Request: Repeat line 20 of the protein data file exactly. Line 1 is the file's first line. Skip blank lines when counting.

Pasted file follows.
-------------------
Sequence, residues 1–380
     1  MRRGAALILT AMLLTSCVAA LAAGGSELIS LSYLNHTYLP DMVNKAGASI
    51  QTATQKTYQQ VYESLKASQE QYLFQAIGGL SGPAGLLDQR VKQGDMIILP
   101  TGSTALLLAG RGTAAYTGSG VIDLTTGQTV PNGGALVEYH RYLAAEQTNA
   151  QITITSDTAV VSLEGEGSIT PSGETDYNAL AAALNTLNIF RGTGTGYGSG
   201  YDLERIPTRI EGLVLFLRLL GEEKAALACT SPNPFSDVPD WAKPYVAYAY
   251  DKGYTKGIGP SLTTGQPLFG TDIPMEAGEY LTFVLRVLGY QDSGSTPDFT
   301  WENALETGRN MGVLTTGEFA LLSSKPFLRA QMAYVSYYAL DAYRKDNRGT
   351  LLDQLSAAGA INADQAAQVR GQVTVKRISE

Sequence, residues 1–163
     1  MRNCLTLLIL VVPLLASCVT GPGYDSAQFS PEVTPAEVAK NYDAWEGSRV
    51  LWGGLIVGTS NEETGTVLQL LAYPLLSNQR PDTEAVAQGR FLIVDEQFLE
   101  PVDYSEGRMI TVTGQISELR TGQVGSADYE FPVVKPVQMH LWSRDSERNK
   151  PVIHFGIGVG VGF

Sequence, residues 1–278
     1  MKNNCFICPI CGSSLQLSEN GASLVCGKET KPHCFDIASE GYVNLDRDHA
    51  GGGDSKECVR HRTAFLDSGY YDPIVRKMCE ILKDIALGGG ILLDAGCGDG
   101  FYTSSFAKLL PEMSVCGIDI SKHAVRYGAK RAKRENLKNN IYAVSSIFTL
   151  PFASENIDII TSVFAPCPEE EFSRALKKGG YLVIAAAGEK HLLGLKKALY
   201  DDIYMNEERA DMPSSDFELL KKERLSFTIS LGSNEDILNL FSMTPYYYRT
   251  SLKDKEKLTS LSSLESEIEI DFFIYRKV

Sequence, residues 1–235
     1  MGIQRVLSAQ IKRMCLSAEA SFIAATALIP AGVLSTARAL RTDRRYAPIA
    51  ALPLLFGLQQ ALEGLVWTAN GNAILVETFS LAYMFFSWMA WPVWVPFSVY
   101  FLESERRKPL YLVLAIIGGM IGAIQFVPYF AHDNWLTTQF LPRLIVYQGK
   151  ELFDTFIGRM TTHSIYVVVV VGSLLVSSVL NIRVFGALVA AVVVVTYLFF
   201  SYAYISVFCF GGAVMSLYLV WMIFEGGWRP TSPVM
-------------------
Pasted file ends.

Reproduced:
   201  DDIYMNEERA DMPSSDFELL KKERLSFTIS LGSNEDILNL FSMTPYYYRT